Advice for mentors

I wrote a post recently giving advice for PGCE students in which I talked about listening to mentors and taking their advice. However I think it's worth taking the time to discuss the role of a mentor, and the dos and don'ts of how to mentor a new entrant to our profession in a school.


Standards of mentoring vary enormously from school to school, and that probably has a lot to do with the overall ethos of the school, their levels of organisation and morale, and the workload. But the role is so very important that I think schools would do well to think carefully about the roles of professional mentor and subject mentor and choose the right person very carefully. And it behoves an individual to think carefully before stepping up to the challenge of mentoring.


It is a wonderful privilege to mentor younger teachers in our profession, but it requires some humility to do it properly. Being chosen as a mentor is not being told that you are there to pass on all the wealth of your wisdom to some ignorant newbie. What you are there to do is to bring out of the younger teachers the best teacher they can become.


This is tricky because you may be called upon to mentor teachers who are not like you, who don’t have the same teacher personality and will therefore never teach like you. What you want to do is to observe that person teach and try to see what they are good at. Perhaps it is human nature, but observing anyone do anything with a view to coming up with a judgement tends to mean that you note down every little thing they get wrong, and then only come up with one or two generalised positives when required to give feedback. (It’s amazing how many teachers do this to each other, when they would never dream of meting out this sort of treatment to the young people in their classes.)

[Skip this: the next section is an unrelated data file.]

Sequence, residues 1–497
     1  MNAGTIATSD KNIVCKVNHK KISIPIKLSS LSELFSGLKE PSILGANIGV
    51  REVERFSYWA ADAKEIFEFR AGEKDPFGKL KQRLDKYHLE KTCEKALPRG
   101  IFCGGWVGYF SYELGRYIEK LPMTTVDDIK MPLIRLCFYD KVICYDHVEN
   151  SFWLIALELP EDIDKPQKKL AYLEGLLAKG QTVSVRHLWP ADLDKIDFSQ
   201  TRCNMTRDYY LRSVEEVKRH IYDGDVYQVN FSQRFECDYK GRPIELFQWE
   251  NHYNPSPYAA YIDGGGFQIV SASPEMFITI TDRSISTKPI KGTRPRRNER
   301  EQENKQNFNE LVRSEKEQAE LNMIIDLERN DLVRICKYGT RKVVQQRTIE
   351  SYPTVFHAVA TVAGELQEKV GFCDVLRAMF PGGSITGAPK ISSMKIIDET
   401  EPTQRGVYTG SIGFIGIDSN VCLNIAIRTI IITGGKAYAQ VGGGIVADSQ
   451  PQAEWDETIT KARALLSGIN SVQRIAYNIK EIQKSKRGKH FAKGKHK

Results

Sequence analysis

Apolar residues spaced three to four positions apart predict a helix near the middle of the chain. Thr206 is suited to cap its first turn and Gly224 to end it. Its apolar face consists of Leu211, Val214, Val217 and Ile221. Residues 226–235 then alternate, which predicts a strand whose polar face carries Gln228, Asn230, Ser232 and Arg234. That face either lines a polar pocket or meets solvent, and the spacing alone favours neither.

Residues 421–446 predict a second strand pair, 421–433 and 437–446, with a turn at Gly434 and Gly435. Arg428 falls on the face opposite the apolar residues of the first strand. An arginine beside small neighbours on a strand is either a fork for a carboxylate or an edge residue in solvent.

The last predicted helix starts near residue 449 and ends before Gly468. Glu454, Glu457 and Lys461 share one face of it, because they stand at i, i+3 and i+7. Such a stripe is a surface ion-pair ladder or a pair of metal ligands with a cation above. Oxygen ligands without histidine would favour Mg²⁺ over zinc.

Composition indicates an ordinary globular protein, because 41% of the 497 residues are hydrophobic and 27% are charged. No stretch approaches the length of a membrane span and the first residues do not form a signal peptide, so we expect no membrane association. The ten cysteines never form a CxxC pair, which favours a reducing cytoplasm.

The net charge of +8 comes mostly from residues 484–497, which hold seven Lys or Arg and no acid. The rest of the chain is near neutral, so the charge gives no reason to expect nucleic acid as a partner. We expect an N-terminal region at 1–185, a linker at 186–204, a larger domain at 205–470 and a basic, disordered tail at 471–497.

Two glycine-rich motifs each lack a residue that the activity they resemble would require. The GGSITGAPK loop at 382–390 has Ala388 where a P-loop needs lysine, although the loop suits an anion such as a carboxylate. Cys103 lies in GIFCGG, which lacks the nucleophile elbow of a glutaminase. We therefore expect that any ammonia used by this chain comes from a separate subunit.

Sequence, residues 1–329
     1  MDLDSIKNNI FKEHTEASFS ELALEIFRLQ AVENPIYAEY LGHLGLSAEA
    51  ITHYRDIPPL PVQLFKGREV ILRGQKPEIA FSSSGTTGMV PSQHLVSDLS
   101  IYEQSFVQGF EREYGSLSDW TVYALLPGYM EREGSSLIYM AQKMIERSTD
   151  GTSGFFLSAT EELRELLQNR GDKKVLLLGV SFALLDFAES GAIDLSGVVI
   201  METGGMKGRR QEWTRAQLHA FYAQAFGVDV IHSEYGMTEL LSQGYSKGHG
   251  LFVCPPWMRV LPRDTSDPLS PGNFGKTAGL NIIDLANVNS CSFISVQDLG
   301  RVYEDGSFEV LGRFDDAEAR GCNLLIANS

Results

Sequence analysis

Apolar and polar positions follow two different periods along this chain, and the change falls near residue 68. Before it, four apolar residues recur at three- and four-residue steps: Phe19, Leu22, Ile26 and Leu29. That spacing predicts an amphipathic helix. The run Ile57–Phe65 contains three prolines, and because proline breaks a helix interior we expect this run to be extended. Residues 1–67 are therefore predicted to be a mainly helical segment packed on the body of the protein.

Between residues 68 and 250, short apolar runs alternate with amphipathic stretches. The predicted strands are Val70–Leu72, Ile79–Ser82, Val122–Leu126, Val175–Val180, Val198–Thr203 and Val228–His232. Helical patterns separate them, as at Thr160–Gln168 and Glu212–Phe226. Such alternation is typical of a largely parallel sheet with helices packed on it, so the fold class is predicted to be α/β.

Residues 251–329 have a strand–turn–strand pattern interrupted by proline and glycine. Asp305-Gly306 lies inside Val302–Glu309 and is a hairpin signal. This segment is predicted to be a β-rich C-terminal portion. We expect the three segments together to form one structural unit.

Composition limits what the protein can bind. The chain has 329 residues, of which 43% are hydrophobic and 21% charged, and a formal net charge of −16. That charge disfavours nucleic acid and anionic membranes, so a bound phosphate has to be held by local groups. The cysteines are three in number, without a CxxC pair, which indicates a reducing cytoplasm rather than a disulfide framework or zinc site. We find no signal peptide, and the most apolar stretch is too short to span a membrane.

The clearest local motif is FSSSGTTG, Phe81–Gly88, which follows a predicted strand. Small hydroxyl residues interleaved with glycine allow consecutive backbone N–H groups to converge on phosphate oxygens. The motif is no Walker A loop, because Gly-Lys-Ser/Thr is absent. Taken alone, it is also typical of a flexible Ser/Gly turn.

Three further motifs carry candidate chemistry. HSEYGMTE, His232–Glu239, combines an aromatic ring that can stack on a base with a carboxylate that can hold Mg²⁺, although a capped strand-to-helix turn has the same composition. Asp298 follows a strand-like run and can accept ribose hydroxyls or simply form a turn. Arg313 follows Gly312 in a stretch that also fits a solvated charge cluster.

So those who are mentored by an experienced teacher are left in no doubt as to all the myriad ways they could improve, but no real idea of what strengths they have to build upon. This does not enable a colleague to refine their teacher personality.


Strictly Positive Mentoring, looking for what a teacher is doing right, is an incredibly important job. We all know there is a shortage of teachers these days, and that it is widely perceived as a difficult job. We need to encourage those who have stepped up to the challenge of our profession, and we know that the PGCE and NQT years come with their challenges. We should help our trainees.


Not everyone can teach, it is true. But what we must do as mentors is to help those brave souls who come into our profession to become, from a standing start, the best teacher they can be. And to do that, we employ all the nurturing, positive techniques that we would use when encouraging a student to achieve their potential.


Among the raw ingredients of a good teacher that we should be looking for are:


Rapport:

o an easy manner with a class

o a clear liking for young people

o the ability to listen


Behaviour management:

o the ability to “read the room”

o the presence to control a class

o the confidence to use silence


Subject knowledge:

o confidence in knowledge

o ability to accept correction


The ability to correct sensitively:

o being able to react appropriately to wrong answers

o guiding students to correct answers


Presence:

o talking so students will listen

o a good balance of talk and silence


The ability to give instructions:

o clarity and economy of expression

o checking that instructions have been understood


They do not need to do all these things in the way that we do them. They need to be helped to do them in their way. And we need to be as kind to our trainees as to all the other learners we deal in our professional lives.


And we need to acknowledge that they won't make straight-line progress and to know when we need to step in and offer them emotional as well as professional support, to help them to keep going and achieve their, and our, end - that of successful completion of this stage of their training.


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